As the school year comes screeching toward a close (are there really only five more weeks left?), productivity has been a common topic amongst me and my writer-mom friends. There's a lot of concern about how productive we're going to be over the summer with the kids at home, and a lot of my friends have goals to finish their drafts before June. We all know the inevitability that we won't be able to accomplish as much as we do during the school year.
But productivity is always a topic of concern, isn't it? I don't know a single writer who feels like they are regularly accomplishing as much as they'd like to. It's like we live in a constant state of feeling like no matter what we do, it's never enough. We're never moving forward in our careers fast enough. We're never churning out books fast enough. We're never hearing back from agents and editors fast enough. No matter how much we write, or how much we accomplish, there's always this elusive "more" that we can't seem to grasp.
How the Drive to Do More Hurts Your Writing
I don't think this struggle is exclusive to writers. This belief is deeply ingrained into our culture as a whole. But as writers, living in this constant state of fear is extra detrimental because it can wreak havoc on our creative process and our self-esteem, two things that are incredibly imperative in building a successful writing career. Maybe at an office job, we could crunch out numbers faster, or stay up later answering emails, but the writing process can't be forced, and when it is, our work often falls painfully short of what we know we're capable of.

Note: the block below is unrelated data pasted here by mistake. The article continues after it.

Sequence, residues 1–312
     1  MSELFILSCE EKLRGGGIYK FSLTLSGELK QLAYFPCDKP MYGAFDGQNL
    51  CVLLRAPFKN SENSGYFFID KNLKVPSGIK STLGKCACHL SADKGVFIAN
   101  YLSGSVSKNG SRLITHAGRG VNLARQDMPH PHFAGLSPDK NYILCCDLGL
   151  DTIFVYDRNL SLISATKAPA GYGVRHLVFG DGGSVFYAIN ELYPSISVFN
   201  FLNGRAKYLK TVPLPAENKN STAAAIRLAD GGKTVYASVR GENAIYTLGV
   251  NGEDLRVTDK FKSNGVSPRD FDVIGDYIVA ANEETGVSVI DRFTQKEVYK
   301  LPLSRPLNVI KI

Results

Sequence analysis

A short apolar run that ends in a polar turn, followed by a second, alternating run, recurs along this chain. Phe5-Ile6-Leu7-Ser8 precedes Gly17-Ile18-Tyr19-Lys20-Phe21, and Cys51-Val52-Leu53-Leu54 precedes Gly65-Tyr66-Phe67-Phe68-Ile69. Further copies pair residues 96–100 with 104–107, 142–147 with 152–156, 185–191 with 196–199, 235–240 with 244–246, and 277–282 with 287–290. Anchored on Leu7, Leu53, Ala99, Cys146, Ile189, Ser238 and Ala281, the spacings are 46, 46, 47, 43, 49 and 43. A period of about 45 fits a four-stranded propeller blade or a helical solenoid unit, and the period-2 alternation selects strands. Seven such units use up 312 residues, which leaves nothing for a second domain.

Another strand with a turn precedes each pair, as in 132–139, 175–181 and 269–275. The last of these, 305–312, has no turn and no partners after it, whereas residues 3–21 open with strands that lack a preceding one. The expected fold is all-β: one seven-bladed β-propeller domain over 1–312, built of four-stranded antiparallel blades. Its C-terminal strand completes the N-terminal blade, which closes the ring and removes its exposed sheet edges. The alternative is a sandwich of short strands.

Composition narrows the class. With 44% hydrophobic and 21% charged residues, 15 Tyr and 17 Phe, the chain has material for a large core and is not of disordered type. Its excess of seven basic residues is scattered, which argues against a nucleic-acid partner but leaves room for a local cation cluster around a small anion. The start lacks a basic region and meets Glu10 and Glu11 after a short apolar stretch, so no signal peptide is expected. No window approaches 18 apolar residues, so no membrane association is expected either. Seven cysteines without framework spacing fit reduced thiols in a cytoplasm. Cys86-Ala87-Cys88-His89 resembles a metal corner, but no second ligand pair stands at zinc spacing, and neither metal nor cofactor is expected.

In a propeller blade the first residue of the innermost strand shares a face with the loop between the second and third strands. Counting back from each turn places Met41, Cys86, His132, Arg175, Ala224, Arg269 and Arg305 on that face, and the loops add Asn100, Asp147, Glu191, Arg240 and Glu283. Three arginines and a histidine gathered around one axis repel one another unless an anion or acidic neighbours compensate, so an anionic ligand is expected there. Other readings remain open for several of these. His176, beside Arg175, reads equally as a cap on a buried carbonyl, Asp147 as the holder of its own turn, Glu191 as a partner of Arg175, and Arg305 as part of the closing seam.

And if we're constantly attacking our self-esteem with beliefs that we're falling short at every turn, how will we have the confidence to share our work?
From experience and front watching other writers progress in their careers, it's clear that this feeling doesn't go away. Once you're published, there's more pressure to write more books quicker. "Published" becomes a milestone of the past and is no longer enough. "Bestseller" becomes the new target and when that's not enough, it's about topping the sales of the last book, and so on, and so forth.